Americans may already be worried about the overall competency of the medical field post-COVID-19, but now medical professionals are reportedly increasingly using virtual reality (VR) and augmented reality (AR) to train their colleagues. Not only that, but scandal-ridden Meta, the name of Facebook’s new parent company, and Microsoft are also reportedly building some of the VR/AR technology being used.
Several uses for VR/AR have emerged for medical education, including training and proctoring, according to health technology company Abbott. Chris McGlone, director of training and education for Abbott's U.S. vascular business, said in an Abbott blog post that 6,000 cardiovascular physicians have been virtually trained, while 60,000 technicians and nurses also received virtual training over the past five years. McGlone said that the majority of those virtually trained physicians have been trained since the COVID-19 pandemic began.
One tool used by McGlone and his team is Meta’s Oculus, including potentially the Oculus Quest VR headset in the future, according to Abbott. McGlone said he and his team are also using Microsoft’s HoloLens 2 headset. Both Meta and Microsoft have used technology to control narratives and/or censor free speech, raising important questions about how their VR/AR technology will impact the medical field.
In some cases, VR/AR have allowed physicians to proctor tests in other countries, Abbott wrote. Other medical professionals can watch 360-degree videos of procedures on VR headsets, or walk around a “virtual cath lab.” The latter experience allows a medical professional to make changes to his “environment” using a joystick and “practice making clinical decisions in this virtual environment,” as McGlone reportedly put it.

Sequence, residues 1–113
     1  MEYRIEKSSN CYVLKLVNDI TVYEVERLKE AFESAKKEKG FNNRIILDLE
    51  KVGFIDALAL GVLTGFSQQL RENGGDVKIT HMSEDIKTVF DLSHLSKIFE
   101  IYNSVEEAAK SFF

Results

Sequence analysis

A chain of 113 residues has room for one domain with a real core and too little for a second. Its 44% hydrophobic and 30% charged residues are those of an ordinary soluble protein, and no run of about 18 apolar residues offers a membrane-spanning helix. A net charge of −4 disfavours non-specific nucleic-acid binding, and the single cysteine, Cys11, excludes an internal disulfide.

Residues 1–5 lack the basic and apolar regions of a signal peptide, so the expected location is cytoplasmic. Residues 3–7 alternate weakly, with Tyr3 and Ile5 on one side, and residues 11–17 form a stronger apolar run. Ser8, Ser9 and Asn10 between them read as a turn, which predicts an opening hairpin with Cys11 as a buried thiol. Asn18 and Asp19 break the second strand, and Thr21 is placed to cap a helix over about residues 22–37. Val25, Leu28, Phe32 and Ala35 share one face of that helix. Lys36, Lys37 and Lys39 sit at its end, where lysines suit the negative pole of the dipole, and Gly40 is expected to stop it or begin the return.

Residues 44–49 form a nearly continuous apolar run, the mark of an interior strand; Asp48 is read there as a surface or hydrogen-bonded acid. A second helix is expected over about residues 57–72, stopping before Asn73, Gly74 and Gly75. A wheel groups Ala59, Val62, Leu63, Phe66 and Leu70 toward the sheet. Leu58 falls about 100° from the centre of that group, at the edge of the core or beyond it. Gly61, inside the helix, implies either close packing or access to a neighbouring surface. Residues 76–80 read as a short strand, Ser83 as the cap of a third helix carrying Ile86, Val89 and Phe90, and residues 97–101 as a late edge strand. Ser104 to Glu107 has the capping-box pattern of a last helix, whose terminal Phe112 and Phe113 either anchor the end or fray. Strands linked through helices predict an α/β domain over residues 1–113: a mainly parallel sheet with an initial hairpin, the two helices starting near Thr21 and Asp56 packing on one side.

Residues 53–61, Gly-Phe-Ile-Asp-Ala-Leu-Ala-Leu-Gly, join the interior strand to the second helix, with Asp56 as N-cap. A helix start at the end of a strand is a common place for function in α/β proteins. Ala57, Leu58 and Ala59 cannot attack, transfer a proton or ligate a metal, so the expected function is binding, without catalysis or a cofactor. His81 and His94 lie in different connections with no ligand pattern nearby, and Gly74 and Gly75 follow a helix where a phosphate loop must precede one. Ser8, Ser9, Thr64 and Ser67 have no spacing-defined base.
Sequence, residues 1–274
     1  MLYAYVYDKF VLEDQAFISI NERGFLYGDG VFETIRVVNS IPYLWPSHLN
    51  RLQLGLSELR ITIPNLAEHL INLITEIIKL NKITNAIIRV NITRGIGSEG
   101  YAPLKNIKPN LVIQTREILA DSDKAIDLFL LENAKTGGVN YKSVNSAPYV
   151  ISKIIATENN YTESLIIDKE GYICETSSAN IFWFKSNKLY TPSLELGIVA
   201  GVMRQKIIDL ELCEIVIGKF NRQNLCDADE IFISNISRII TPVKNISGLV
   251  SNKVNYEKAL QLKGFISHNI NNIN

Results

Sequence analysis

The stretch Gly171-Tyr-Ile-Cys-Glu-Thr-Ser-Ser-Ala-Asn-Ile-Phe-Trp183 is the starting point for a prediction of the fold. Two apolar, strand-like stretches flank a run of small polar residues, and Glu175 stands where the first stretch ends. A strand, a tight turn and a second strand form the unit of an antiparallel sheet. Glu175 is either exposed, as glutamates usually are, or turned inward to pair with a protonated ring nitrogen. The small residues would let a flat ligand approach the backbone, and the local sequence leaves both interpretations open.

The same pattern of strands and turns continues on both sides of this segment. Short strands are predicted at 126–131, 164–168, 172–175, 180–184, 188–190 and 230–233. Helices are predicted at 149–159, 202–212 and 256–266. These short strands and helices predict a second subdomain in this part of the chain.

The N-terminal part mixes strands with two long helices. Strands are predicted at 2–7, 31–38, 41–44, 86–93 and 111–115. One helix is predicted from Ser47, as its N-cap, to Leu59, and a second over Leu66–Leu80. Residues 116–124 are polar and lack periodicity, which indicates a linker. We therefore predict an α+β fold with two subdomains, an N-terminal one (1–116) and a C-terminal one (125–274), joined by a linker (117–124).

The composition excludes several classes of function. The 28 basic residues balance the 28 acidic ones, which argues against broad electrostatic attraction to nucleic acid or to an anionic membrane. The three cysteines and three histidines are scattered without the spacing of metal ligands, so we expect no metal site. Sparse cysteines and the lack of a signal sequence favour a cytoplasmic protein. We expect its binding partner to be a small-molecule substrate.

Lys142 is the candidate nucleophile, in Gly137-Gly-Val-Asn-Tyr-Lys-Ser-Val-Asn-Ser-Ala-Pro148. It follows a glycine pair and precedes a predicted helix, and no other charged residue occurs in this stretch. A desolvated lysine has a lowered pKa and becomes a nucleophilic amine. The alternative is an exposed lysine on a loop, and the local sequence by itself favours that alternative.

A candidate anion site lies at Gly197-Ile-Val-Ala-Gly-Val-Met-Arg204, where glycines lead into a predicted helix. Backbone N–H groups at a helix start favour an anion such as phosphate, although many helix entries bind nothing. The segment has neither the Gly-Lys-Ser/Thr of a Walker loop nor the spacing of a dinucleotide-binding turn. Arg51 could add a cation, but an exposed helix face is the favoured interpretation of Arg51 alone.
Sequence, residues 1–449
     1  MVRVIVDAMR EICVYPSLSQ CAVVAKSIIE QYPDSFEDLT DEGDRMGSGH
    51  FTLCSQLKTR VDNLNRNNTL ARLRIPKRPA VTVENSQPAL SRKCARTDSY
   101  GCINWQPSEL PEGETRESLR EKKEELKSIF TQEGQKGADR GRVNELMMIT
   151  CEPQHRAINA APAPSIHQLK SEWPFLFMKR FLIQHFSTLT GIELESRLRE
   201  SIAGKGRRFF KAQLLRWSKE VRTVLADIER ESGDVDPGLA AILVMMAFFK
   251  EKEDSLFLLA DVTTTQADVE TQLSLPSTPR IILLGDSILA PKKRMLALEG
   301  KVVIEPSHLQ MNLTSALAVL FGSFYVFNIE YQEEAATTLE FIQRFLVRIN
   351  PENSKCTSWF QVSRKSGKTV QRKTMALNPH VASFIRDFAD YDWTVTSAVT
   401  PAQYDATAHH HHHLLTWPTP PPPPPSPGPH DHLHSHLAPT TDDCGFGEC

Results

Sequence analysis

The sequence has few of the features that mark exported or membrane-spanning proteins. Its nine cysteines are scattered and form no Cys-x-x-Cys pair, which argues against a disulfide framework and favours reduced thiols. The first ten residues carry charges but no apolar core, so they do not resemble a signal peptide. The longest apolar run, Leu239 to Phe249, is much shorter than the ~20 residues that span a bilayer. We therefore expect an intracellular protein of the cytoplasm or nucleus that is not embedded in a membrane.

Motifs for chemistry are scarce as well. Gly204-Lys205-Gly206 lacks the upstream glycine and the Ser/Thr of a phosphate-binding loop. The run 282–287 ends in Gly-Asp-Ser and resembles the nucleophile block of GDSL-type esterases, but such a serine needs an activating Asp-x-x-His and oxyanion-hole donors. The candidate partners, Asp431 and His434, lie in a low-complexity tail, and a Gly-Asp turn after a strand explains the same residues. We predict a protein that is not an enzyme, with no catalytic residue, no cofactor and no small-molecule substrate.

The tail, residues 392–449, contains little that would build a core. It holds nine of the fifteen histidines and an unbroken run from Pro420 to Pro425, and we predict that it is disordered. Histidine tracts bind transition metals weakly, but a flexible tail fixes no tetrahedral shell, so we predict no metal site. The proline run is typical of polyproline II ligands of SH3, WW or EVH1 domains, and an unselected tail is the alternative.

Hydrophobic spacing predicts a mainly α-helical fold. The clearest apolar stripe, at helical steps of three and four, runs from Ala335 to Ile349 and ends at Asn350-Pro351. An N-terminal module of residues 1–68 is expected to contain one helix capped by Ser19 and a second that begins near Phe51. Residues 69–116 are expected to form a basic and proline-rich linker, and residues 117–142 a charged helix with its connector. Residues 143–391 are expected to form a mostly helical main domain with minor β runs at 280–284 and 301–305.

While this does sound like an amazing innovation in some ways, allowing global sharing of expertise and new training methods, the fact that Meta and Microsoft are building some of the technology is concerning. Meta (Facebook), for instance, has heavily censored COVID-19 information that contradicts real-time establishment narratives. Can Americans be certain that complete medical objectivity will reign in the building and use of medical VR/AR technologies?
Abbott wrote that VR and AR are here to stay in the medical field, stating, “nothing on the horizon — digital or otherwise — shows any sign of changing this direction.” Only the future can reveal exactly how virtual reality will shape and change the medical field.
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